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Georgia looking to eliminate penalties
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ATHENS-The No. 10 Bulldogs rank last among the nation’s 119 Bowl Subdivision teams with 53 penalties in five games, an average of 10.60 per game. No other Bowl Subdivision team is averaging as many as 10 penalties per game, according to NCAA’s statistics.

Georgia, which plays Tennessee on Saturday, was penalized 10 times for 81 yards in its 41-30 loss to Alabama on Sept. 27.

Richt said he used an open week to make sure his players understand the penalties won’t be tolerated. He had a quick answer Tuesday when asked how he is making that point.

"We’re wearing them out. I’m wearing them out," Richt said. "I’m wearing them out physically for penalties, team and individuals."

Richt said he regretted not assigning extra running as punishment for penalties earlier in the season.

"Before I was a little reluctant to make such a strong point," Richt said, adding he was hesitant to take away "some aggressive play and that kind of thing."

"My strategy and my thoughts were wrong," he said. "Penalties have not slowed down and have cost us and I did a poor job on the front end of it. We’re trying to correct it."

Georgia ranks 118th with its average of 87.4 penalty yards per game, ahead of only Florida State (90.0).

Richt said Louisiana State and Florida are recent examples of teams who won championships while accumulating high penalty totals. Richt, the former Florida State offensive coordinator, says he remembers the Seminoles "were the worst in the league in penalties every year" when they ruled the Atlantic Coast Conference.

Georgia’s penalty count against Alabama included two 15-yard personal fouls for late hits to the quarterback. Each penalty assisted the Tide on touchdown drives.

Alabama had only 2 penalties for 9 yards in the game.

"They did not beat themselves that day," Richt said. "They beat us, but we helped them by not being disciplined on the penalty issue as we should."

The loss to Alabama came one week after Georgia won at Arizona State despite 12 penalties for 104 yards. Georgia had 11 penalties for 112 yards in a win at South Carolina.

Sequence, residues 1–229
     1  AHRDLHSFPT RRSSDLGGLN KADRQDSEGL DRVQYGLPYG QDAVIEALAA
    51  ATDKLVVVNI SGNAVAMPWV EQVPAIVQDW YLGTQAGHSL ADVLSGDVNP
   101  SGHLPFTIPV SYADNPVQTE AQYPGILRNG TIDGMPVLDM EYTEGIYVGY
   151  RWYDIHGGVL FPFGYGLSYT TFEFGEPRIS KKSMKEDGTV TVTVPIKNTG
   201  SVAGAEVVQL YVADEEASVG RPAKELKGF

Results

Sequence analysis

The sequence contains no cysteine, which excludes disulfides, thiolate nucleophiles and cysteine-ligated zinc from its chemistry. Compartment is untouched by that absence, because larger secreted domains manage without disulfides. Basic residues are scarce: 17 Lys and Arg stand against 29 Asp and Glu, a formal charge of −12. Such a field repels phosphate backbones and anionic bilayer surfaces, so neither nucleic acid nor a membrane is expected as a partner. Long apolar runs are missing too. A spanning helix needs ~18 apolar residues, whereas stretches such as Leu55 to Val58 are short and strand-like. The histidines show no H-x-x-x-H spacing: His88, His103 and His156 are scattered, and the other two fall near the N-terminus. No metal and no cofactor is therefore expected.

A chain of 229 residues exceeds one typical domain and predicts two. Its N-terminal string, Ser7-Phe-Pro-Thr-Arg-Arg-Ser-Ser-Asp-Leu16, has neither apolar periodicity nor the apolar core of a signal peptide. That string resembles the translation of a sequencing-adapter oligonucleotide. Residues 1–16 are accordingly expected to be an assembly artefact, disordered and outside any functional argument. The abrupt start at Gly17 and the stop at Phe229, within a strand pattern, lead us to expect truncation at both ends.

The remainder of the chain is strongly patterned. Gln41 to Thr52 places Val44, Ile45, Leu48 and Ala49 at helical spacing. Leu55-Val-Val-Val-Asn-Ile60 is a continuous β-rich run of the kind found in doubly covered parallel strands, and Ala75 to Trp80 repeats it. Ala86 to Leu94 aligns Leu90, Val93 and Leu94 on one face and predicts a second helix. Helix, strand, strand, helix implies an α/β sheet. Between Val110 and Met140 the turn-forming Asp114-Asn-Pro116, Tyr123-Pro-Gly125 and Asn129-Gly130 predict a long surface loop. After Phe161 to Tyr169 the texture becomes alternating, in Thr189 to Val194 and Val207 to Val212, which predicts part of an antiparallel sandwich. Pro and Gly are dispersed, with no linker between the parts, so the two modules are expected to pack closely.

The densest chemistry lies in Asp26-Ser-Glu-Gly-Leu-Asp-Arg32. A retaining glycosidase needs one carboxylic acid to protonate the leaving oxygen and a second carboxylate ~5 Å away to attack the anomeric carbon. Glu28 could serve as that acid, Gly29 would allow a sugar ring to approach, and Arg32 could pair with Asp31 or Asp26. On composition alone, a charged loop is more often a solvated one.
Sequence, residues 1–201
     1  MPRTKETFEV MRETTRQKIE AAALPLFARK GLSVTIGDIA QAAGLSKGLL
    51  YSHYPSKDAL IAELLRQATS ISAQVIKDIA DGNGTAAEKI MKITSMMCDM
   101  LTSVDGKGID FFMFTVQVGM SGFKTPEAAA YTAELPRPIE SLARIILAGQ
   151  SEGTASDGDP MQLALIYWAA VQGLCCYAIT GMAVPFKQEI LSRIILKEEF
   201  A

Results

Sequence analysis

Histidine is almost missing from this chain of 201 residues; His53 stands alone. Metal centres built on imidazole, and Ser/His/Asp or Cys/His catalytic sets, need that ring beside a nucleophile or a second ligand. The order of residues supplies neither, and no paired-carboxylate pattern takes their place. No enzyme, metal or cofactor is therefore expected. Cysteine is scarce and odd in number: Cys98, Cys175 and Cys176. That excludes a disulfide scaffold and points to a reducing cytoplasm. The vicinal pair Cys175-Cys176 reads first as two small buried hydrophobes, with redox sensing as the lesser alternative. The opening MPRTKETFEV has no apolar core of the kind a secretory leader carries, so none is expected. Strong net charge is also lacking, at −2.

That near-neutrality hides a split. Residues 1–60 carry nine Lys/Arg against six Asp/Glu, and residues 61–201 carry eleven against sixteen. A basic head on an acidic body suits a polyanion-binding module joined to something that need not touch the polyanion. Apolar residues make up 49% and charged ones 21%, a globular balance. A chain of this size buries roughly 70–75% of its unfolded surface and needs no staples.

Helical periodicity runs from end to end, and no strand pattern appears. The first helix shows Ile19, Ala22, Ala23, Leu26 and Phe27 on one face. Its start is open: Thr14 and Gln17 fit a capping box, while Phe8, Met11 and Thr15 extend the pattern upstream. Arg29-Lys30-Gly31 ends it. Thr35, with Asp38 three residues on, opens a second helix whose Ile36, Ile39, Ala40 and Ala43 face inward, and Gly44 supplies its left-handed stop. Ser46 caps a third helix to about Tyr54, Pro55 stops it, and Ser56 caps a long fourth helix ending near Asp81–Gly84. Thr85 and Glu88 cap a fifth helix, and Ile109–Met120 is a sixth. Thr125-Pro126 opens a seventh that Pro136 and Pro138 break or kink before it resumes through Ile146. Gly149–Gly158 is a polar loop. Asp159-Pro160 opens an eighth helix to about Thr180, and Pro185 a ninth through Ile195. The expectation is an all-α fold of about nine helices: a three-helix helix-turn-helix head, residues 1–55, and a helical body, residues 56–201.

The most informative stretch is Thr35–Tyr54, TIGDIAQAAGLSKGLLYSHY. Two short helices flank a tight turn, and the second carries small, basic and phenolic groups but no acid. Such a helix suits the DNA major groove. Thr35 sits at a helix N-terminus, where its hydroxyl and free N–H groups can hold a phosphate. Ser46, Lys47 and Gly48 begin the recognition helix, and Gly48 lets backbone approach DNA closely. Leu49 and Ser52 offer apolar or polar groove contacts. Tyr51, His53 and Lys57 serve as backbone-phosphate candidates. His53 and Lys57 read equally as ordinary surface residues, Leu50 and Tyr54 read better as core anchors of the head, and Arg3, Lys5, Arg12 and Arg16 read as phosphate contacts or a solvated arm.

"I think most coaches will say you don’t want penalties absolutely, but it is a pretty subjective thing," Richt said, adding a common coaching philosophy is "to teach fundamentals the best you can and sometimes you just have to hold your breath."

Richt said he’s through holding his breath and hoping for a turnaround on penalties. He said his new policy is "just a much stronger accountability system than at the start of the year."

The players have heard the message.

"Everybody knows what mistakes that they made," said receiver Mohamed Massaquoi. "The most important thing is to learn from it and go on."

Offensive guard Chris Davis said penalties "are not what you want to lead the country in."

"We just need to be more focused," Davis said. "Penalties probably got us beat two weeks ago. Penalties have been killing us. ... We’re trying to hone down those penalties and get them out of the way."

The loss to Alabama ended Georgia’s 11-game winning streak which began after last year’s 35-14 loss at Tennessee. Georgia trailed the Vols 28-0 at halftime.

Georgia recovered to win its final seven games, scoring more than 40 points in four of the games. The streak included a 41-10 victory over Hawaii in the Sugar Bowl that left the Bulldogs No. 2 in the final 2007 poll.

The strong finish made the Tennessee game look like a turning point to the season. Quarterback Matthew Stafford said the embarrassing loss was a painful lesson.

"I don’t think anybody after the Tennessee game was going ‘This is going to be a turning point for us,"’ Stafford said Tuesday.

Now Georgia must try to rebound from a similarly lopsided loss. Alabama scored the first 31 points of its win over the Bulldogs.

"We have a wonderful opportunity to turn it around," Richt said. "I really hope we take advantage of it. I see nothing out there to make me feel like we won’t turn it around.

"I believe that we have a bright future ahead of us and this game is huge in how our season is going to be remembered."

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